There are many reasons that meat can turn brown. Cooking meat at a high temperature browns meat because of the maillard reaction. As meat ages it turns brown from oxidation. The oxidation process is a result of the bound iron molecule in myoglobin going from the ferrous to ferric form. This produces what is called metmyoglobin. Metmyoglobin is the cause of the characteristic brown coloration of meat that occurs as it ages.
But interestingly meat can quickly turn brown in minutes when it is vacuum packed. Vacuum packers have become very popular recently. Vacuum sealers help preserve foods by taking out the oxygen thereby prevent oxidation from occurring.
But in the case of red meat there is a profound effect on the color ---
Grass fed unprocessed beef shown as bright red due to oxygenated hemoglobin in meat
A similar piece of unprocessed meat turns brown shortly after being vacuum sealed
Why is meat red to begin with?
Meat is red when the pigment myoglobin that is contained in blood is bound to oxygen. Myoglobin is related to hemoglobin, which is the iron- and oxygen-binding protein in blood, specifically in the red blood cells. When oxygen is released from myoglobin there is a change in spectral properties of the myoglobin molecule. The result is a brownish color. The images above show two pieces of grass fed meat that were unprocessed. One was left exposed to the air and the other was vacuumed packed prior to cooking using the sous vide method. The strong vacuum pulled out air and drew oxygen molecules off the surface of the meat. Removing the meat from the bag showed that only the surface level turned brown.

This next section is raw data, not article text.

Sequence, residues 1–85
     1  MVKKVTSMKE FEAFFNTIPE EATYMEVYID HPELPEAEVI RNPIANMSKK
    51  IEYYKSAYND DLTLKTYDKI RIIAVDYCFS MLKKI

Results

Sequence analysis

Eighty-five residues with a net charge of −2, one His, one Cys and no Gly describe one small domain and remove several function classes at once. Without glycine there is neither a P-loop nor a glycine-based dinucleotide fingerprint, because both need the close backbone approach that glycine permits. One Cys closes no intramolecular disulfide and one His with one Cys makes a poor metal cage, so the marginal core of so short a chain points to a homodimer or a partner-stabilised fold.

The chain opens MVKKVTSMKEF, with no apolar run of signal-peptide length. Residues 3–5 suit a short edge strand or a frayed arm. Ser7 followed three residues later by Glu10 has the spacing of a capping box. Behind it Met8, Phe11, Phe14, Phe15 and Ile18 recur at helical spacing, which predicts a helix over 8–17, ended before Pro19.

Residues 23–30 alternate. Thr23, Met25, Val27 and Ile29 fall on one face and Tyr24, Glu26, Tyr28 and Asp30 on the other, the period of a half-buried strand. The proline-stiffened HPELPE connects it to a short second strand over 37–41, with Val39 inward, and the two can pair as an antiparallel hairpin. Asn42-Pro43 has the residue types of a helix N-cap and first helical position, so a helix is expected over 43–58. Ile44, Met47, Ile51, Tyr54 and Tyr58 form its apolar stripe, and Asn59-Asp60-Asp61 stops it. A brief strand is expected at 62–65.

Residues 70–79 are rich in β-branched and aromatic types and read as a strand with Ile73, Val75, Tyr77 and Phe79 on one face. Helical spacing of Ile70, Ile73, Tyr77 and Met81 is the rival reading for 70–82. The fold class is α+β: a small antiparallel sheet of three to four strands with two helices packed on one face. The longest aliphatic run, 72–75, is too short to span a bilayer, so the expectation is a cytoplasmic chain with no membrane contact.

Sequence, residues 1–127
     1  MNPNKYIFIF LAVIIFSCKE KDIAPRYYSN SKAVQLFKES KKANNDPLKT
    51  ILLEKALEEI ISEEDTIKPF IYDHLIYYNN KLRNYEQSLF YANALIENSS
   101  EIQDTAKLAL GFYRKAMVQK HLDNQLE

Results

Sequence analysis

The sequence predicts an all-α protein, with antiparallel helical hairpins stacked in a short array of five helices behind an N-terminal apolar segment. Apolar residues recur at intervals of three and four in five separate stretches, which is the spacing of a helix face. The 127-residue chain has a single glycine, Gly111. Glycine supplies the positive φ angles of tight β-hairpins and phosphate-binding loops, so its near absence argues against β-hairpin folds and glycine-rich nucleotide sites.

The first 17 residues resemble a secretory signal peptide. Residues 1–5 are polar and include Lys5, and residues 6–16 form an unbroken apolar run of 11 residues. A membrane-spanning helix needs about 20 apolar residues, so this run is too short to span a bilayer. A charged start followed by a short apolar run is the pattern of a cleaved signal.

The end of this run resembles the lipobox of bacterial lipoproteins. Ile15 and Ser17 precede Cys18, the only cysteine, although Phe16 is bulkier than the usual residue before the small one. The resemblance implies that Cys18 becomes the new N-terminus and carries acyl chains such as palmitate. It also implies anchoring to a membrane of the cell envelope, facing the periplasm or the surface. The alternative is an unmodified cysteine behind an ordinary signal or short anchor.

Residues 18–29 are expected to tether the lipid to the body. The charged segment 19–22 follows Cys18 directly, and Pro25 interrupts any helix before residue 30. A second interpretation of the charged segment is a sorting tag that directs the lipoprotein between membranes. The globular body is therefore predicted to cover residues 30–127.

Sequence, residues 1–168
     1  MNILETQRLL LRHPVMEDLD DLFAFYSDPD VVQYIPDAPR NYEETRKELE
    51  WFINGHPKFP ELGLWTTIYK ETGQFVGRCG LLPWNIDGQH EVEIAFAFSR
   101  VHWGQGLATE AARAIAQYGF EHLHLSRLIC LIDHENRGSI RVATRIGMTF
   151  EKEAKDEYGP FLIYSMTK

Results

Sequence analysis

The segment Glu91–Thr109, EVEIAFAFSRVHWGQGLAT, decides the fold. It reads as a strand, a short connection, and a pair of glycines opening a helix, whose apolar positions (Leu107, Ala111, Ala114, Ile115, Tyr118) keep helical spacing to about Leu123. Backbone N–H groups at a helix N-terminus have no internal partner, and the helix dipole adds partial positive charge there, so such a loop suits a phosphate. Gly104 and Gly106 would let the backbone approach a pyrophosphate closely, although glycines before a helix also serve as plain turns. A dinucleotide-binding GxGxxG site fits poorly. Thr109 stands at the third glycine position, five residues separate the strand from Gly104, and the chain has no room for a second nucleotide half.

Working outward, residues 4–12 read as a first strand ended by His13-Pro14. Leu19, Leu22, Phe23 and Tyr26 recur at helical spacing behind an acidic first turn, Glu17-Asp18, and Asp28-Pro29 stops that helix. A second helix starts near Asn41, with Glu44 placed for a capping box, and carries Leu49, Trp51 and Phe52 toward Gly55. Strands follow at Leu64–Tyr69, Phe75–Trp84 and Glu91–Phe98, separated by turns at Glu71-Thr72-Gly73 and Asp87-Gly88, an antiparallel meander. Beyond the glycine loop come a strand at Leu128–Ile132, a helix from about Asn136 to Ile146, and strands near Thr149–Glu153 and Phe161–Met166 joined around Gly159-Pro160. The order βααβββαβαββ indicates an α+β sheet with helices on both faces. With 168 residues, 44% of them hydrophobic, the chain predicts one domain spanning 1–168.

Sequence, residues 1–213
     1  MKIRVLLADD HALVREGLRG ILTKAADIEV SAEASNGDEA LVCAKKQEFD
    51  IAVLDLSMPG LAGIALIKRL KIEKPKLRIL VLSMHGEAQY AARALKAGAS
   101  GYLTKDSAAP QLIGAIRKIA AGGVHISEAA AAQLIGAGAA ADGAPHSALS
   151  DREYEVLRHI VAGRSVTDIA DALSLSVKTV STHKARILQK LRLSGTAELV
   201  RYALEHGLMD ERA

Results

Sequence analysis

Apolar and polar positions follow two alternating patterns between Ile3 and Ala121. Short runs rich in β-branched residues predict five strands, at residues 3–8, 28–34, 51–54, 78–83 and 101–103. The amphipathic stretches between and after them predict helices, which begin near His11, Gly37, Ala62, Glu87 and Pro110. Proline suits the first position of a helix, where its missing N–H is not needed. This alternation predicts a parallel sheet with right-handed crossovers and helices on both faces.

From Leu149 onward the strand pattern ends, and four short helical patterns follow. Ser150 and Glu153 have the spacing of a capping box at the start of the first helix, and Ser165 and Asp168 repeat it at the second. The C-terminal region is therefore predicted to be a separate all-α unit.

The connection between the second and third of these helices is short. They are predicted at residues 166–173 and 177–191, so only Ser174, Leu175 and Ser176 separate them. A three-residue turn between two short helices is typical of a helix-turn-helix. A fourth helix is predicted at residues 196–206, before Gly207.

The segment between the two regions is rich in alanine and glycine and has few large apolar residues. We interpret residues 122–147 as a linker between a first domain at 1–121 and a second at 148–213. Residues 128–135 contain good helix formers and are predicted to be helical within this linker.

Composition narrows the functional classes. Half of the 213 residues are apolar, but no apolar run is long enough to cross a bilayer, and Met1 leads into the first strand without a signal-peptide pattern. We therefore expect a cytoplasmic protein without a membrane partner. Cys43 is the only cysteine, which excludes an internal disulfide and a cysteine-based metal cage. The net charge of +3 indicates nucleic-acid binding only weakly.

Is Carbon Monoxide added to some meats to keep them red?
Carbon monoxide binds hemoglobin in much the same way that oxygen does, only 200x stronger. In fact CO will displace oxygen from hemoglobin (or myoglobin) because it has such great affinity for hemoglobin. It is a known fact that carbon monoxide is used in processed meats to keep the meat red for long periods of time. Shown below it is interesting that under vacuum the meat remained red.
Carbon Monoxide in Meats
While carbon monoxide treated meat may not be harmful when fresh it can mislead the consumer who may not be able to smell the actual protein,. Adding carbon monoxide to meat will not only keep meat red while on the shelf but after it's spoiled.
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